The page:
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Contributors to SELinux

The following organizations and individuals have contributed to the Security-enhanced Linux project. The listing of contributors is partitioned into two lists:

  1. A list of the original four organizations that contributed to the initial public release of SELinux,
  2. A list of external individuals and organizations that have contributed to SELinux since that initial release.

The Original Contributors

  • The National Security Agency (NSA)

    Researchers in NSA's National Information Assurance Research Laboratory (NIARL) designed and implemented flexible mandatory access controls in the major subsystems of the Linux kernel and implemented the new operating system components provided by the Flask architecture, namely the security server and the access vector cache. The NSA researchers reworked the LSM-based SELinux for inclusion in Linux 2.6. NSA has also led the development of similar controls for the X Window System (XACE/XSELinux) and for Xen (XSM/Flask).

  • Network Associates Laboratories (NAI Labs)

    The Secure Execution Environments group of NAI Labs implemented several additional kernel mandatory access controls, developed the example security policy configuration, ported to the Linux 2.4 kernel, contributed to the development of the Linux Security Modules kernel patch, and adapted the SELinux prototype to LSM.

  • The MITRE Corporation

    The MITRE Corporation enhanced several common utilities to be SELinux-aware and developed application security policies and documentation for the Apache web server, Sendmail, and crond. They also developed a policy analysis tool (SLAT) and a policy generation tool (Polgen).

  • Secure Computing Corporation (SCC)

    Secure Computing Corporation developed a preliminary security policy configuration for the system that was used as a starting point for NAI Labs' configuration. They also developed several new or modified utilities.

External Contributors to SELinux

  • Matt Anderson

    Matt Anderson of HP developed support for labeled printing in the CUPS software.

  • Ryan Bergauer

    Ryan Bergauer contributed the original policy configuration for Samba.

  • Bastian Blank

    Bastian Blank contributed several code cleanups and 64bit fixes for checkpolicy and libselinux (joint with Joerg Hoh.)

  • Thomas Bleher

    Thomas Bleher contributed several new policy files and many policy patches. He also contributed a patch for audit2allow. He also adapted the policy configuration for SuSE Linux, and ported and packaged the SELinux userspace packages for SuSE Linux (no longer being maintained).

  • Joshua Brindle

    Joshua Brindle originally ported and packaged SELinux for the Hardened Gentoo project along with Chris PeBenito, and contributed several enhancements to the SELinux userland. Since joining Tresys Technology, Joshua has helped to develop the loadable policy module support, hierarchical type support, and the policy management server. Joshua is one of the maintainers of the core SELinux userland.

  • Russell Coker

    Russell Coker originally ported and packaged SELinux for Debian, and made several enhancements to the SELinux userland. Russell was the largest single external contributor to the example policy configuration.

  • John Dennis

    John Dennis of Red Hat developed the setroubleshoot tool for troubleshooting SELinux denials.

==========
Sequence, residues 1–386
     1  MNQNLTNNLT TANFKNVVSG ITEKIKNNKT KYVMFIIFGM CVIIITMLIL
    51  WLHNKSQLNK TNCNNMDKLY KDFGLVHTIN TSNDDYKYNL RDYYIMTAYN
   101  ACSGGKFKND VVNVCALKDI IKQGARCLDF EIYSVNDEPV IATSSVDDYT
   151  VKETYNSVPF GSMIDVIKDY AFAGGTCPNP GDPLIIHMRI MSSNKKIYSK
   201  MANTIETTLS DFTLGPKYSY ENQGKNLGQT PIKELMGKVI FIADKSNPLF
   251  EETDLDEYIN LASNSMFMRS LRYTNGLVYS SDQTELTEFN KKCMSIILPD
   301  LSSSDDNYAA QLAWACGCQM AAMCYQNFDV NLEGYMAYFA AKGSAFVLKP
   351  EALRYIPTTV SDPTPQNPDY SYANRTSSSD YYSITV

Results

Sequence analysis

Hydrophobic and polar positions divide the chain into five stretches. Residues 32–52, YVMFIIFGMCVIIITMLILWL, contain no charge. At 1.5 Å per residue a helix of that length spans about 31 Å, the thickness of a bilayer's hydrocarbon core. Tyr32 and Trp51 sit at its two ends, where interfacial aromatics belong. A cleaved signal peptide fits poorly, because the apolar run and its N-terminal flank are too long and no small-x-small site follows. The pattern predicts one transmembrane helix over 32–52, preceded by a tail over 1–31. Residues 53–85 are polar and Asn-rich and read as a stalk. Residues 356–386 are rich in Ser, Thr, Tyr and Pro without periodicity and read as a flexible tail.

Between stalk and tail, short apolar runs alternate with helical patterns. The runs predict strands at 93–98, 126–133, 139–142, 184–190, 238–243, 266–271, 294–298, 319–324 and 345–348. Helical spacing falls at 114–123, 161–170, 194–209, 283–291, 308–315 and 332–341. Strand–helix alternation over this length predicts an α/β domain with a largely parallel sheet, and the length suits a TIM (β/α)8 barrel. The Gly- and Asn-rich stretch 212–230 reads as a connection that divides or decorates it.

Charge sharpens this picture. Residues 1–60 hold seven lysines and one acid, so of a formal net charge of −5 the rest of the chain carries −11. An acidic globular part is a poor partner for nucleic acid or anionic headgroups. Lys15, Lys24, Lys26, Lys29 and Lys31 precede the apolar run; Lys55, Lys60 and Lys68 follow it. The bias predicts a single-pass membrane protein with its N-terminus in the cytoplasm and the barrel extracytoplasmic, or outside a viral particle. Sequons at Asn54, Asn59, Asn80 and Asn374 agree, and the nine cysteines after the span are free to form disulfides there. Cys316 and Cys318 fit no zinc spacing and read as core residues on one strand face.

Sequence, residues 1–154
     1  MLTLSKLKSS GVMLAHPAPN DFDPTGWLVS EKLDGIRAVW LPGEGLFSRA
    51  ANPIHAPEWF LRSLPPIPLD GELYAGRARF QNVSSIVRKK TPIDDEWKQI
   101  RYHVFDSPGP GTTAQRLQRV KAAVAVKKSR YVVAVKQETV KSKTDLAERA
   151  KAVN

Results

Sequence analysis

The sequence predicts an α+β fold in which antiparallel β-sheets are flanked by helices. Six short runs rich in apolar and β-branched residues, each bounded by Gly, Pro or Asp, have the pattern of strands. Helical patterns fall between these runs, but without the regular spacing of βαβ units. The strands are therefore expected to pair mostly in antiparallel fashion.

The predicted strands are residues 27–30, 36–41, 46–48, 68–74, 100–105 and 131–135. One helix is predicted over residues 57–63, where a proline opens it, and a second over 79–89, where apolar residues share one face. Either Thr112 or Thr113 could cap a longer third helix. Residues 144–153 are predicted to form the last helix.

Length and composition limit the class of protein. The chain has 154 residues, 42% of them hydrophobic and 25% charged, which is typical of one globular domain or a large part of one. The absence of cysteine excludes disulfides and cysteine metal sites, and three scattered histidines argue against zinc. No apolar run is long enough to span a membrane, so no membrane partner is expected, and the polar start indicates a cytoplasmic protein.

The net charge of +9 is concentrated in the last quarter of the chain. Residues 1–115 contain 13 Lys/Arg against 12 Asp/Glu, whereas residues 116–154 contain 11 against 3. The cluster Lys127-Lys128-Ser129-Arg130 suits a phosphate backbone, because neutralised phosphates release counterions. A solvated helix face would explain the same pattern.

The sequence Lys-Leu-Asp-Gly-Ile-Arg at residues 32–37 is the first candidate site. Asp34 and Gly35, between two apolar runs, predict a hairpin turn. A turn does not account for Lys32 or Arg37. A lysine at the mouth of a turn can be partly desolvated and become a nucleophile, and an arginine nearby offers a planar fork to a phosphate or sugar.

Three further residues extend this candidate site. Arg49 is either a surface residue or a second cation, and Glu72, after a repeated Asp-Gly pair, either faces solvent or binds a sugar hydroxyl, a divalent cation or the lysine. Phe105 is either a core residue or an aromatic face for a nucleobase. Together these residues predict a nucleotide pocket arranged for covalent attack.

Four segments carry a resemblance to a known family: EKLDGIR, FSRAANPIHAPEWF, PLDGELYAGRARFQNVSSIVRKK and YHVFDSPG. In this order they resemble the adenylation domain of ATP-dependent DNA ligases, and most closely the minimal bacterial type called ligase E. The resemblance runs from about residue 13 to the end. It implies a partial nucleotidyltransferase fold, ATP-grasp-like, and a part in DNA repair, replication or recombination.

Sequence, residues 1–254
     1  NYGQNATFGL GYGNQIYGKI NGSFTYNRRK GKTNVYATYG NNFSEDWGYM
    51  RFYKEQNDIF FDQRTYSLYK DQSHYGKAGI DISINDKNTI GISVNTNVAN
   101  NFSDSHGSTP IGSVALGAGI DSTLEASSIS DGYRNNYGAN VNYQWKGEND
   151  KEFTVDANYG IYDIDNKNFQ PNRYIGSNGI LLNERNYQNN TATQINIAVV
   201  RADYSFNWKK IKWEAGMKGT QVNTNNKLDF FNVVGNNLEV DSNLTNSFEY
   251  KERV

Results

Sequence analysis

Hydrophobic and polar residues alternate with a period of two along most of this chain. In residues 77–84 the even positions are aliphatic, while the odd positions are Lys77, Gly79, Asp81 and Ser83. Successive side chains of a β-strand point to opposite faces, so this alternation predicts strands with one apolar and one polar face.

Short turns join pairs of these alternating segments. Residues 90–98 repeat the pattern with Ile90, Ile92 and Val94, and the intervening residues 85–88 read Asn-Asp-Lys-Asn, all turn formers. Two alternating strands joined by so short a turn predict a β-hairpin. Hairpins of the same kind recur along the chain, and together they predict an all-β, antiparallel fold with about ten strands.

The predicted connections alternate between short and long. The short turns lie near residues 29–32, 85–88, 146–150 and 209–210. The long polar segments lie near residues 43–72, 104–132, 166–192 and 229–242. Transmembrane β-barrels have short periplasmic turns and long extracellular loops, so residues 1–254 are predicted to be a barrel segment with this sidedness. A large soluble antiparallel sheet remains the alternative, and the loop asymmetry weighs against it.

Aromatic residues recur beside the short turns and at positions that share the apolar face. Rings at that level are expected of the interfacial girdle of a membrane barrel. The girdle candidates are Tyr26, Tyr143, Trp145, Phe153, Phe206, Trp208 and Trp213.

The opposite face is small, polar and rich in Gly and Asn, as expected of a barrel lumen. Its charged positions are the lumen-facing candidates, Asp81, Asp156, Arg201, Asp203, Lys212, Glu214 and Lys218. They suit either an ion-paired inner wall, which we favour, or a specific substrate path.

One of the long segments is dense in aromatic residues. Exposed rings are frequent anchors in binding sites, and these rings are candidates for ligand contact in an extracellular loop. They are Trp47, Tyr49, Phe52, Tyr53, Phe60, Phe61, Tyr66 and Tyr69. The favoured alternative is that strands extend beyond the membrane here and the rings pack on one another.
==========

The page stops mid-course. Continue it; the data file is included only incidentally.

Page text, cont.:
• Janak Desai

    Janak Desai of IBM developed pam_namespace support for polyinstantiated directories and the original form of multi-level crond support.

  • Ulrich Drepper

    Ulrich Drepper contributed several patches to optimize and improve libselinux, including reworking the string table generation for the Flask definitions. He provided input and feedback on the SELinux patch for nscd and on the controls over executable memory.

  • Lorenzo Hernandez Garcia-Hierro

    Lorenzo Hernandez Garcia-Hierro developed the execstack and execheap permission checks for controlling specific forms of executable memory based on input by Roland McGrath, Ulrich Drepper, and Ingo Molnar.

  • Darrel Goeddel

    Darrel Goeddel of Trusted Computer Solutions was one of the developers of the MLS enhancements to SELinux. Darrel also contributed other fixes and enhancements to the SELinux kernel and userland, and helped develop support for context based audit filtering.

  • Carsten Grohmann

    Carsten Grohmann contributed the original policy configuration for Amanda, and several patches to other policy files.

  • Steve Grubb

    Steve Grubb of Red Hat helped integrate SELinux with audit, contributed cleanup patches for pam_selinux, libselinux, enhanced the boolean utilities and sestatus utility, and improved the checking in the libselinux AVC netlink code.

  • Ivan Gyurdiev

    Ivan Gyurdiev developed support for managing and manipulating non-module policy components in libsepol, libsemanage and policycoreutils. He also contributed a number of patches to provide better abstraction and organization in libsepol. He contributed several policy cleanups and improvements, including the access_terminal macro, proper marking of shared objects that require text relocations, the mplayer policy, desktop policy, etc.

  • Serge Hallyn

    Serge Hallyn of IBM contributed a number of bug fixes and cleanups to the SELinux userland and was one of the developers of the original labeled IPSEC implementation for SELinux.

  • Chad Hanson

    Chad Hanson of Trusted Computer Solutions was one of the developers of the MLS enhancements to SELinux. He also contributed several fixes and enhancements for the policy compiler, such as node context and role dominance ordering, and various improvements to the SELinux userland and kernel code.

  • Joerg Hoh

    Joerg Hoh contributed several code cleanups and 64bit fixes for checkpolicy and libselinux (joint with Bastian Blank.)

  • Trent Jaeger

    Trent Jaeger of IBM (now at Penn State University) led the development of the original labeled IPSEC implementation.

  • Dustin Kirkland

    Dustin Kirkland of IBM helped develop support for auditing of SELinux contexts.

  • Kaigai Kohei

    Kaigai Kohei of NEC replaced the original Access Vector Cache (AVC) locking scheme with a RCU-based approach, which solved the major SELinux kernel scalability problem, and fixed other locking issues in the SELinux kernel code. He later optimized the SELinux ebitmap implementation to improve performance on AVC misses. He also developed SE PostgreSQL, and is one of the developers for the SE busybox project.

  • Paul Krumviede

    Paul Krumviede contributed to the original IPSEC policy configuration.

  • Joy Latten

    Joy Latten of IBM modified IPSEC tools for labeled IPSEC, and developed policy for labeled IPSEC. Joy also ported the SELinux testsuite to the LTP.

  • Tom London

    Tom London contributed several policy patches and a fix for the audit2allow script.

  • Karl MacMillan

    Karl MacMillan of Tresys Technology helped in developing the SETools policy analysis suite, the conditional policy (boolean) support and the loadable module support. Karl also developed the SEPolgen python module for policy generation. Karl served as one of the maintainers of the SELinux core userland.

  • Brian May